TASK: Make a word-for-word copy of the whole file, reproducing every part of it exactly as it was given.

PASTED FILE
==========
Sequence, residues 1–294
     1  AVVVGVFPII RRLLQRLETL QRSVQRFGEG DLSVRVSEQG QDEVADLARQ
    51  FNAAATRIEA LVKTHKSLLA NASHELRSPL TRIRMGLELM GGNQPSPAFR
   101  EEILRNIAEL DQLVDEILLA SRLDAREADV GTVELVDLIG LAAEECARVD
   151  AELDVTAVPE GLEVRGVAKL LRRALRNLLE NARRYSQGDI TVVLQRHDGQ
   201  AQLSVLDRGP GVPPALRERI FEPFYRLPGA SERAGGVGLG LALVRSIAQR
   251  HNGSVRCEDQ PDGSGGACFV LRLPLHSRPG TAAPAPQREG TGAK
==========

Sequence, residues 1–294
     1  AVVVGVFPII RRLLQRLETL QRSVQRFGEG DLSVRVSEQG QDEVADLARQ
    51  FNAAATRIEA LVKTHKSLLA NASHELRSPL TRIRMGLELM GGNQPSPAFR
   101  EEILRNIAEL DQLVDEILLA SRLDAREADV GTVELVDLIG LAAEECARVD
   151  AELDVTAVPE GLEVRGVAKL LRRALRNLLE NARRYSQGDI TVVLQRHDGQ
   201  AQLSVLDRGP GVPPALRERI FEPFYRLPGA SERAGGVGLG LALVRSIAQR
   251  HNGSVRCEDQ PDGSGGACFV LRLPLHSRPG TAAPAPQREG TGAK